Researcher and consultant in the sports industry
Cheerleaders wear protective face masks during a game between the SK Wyverns and Hanwha Eagles at Munhak Baseball Stadium, Incheon, South Korea, on May 5. (REUTERS/Kim Hong-Ji)
"Brace yourself! The MU fans are coming to anger Liverpool fans." This is just among colorful banter during Manchester United's match against Liverpool last January. Don't you just miss funny, heated exchanges between soccer fans like this?
When our favorite team won, we cheered and celebrated, perhaps with a secret bet between friends. When they lost, we felt ashamed and sad, so much that we refrained from logging onto our social media accounts for a few days.
But since the COVID-19 pandemic, sports matches, with all their adrenaline-inducing action, are no more. Sports are among most-affected by the pandemic.
Then when it is over, will the world of sports return to normal? Or will it adapt to the "new normal", a phrase we often hear these days. What will change? Here are my two cents on the post-COVID world of sports.
Athletes go online
Some athletes have created online content to interact with sports enthusiasts and fans alike, such as by holding live chats, like that hosted by tennis players Roger Federer and Andy Murray. Airbnb created "Airbnb Talks with Olympians", presenting a paid session where you can listen to your favorite athlete's stories, tips on working out from home and motivational sessions with Olympians.
Such content will be around for a while, with physical distancing still enforced in many parts of the world.
Potential trends of e-sports and virtual sports
E-sports has seen a significant increase in users in recent years. It was showcased as a demo sport in the 2018 Asian Games in Jakarta and will be officially included in the 2021 Olympics in Tokyo.
In the beginning, some viewed e-sports a "lazy" activity, as one could spend hours playing Mobile Legend on the couch. However, if one could make this "lazy" hobby into a serious one, a professional e-sports athlete might be one's future.
Amid the COVID-19 pandemic, most people are self-quarantining at home. To stay relevant, some sports are starting to transform their games into virtual ones. MotoGP broadcasts their virtual races on YouTube, where you can see racers like Valentino Rossi "driving" his motorcycle with a game controller.
Reformatting of sporting events
Every sporting event, especially major ones such as the Olympics or regional ones like the Asian Games, generate revenue from three main sources: broadcasting rights, ticketing and sponsorship. What do these three have in common to reach the target? Yes, the audience.
As gatherings of large crowds are not allowed, sporting events have ceased to exist, with the exception of some baseball leagues in Japan and South Korea that went on with games and without any audience in the stadium.
We can only imagine the industry's loss due to COVID-19. The Tokyo 2020 organizing committee said losses caused by the delayed games reached US$ 277 million.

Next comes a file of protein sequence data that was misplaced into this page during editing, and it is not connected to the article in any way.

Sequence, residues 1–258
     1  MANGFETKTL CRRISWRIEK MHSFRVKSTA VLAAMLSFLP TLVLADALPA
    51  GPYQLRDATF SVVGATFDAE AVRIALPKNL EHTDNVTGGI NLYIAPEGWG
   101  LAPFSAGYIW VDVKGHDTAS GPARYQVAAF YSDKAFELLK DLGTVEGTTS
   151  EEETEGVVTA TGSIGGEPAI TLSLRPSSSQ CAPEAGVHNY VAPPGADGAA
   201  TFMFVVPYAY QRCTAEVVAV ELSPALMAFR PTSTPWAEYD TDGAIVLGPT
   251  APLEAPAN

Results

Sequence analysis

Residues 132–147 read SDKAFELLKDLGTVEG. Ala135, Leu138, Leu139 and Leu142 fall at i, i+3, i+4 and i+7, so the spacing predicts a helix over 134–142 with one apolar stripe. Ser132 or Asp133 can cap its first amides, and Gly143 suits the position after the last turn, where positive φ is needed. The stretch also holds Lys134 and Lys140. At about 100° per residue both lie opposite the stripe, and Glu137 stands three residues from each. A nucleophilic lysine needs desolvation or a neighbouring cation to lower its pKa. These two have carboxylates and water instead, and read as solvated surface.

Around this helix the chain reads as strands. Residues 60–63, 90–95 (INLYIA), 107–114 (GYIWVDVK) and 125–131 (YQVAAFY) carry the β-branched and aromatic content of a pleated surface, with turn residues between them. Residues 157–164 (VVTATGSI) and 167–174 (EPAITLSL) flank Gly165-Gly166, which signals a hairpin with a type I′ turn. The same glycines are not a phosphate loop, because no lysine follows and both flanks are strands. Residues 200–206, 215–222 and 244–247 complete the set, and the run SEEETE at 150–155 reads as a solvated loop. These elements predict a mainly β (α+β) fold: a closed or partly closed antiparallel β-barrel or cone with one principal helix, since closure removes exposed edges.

We certainly hope things will return to normal, although there is always the possibility that a pandemic will occur again in the future. Therefore, a new or modified format of sporting events should be in the work plan of every city or organizer.
Organizers of sporting events should focus on safety measures for all athletes and audience members. Additionally, it is recommended that host cities provide education and training, especially for young people who participate in the events as volunteers. They could be given a series of training sessions on technology literacy, foreign language improvement and cultural knowledge.
It will be a great legacy to prepare a young generation to face potential challenges and crisis ahead with optimism, excellence and creativity.
In a letter to Olympic Movement, president of the International Olympic Committee, Thomas Bach, wrote: "The motto when we launched Olympic Agenda 2020, and which is written on the wall at Olympic House: “Change or be changed”, is in this crisis-time more relevant than ever. At this moment in time, nobody can truly predict the realities of this post-coronavirus world. But if we want to be prepared, we need to try to look further ahead."
Overall, I believe the sports industry will be a big winner after the crisis. Be ready to witness a better world of sports. (wng)
Tara Talitha is a researcher and consultant in the sports industry with 11 years of experience. A scholarship grantee at Seoul National University (SNU), South Korea, majoring in sports management, she earned the Best Thesis Award in 2017 and was the SNU Alumni Winner in 2019 for the Project Proposal Contest in Youth Sports. She worked in human resources and was a volunteer for the 18th Asian Games in 2018.
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Disclaimer: The opinions expressed in this article are those of the author and do not reflect the official stance of The Jakarta Post.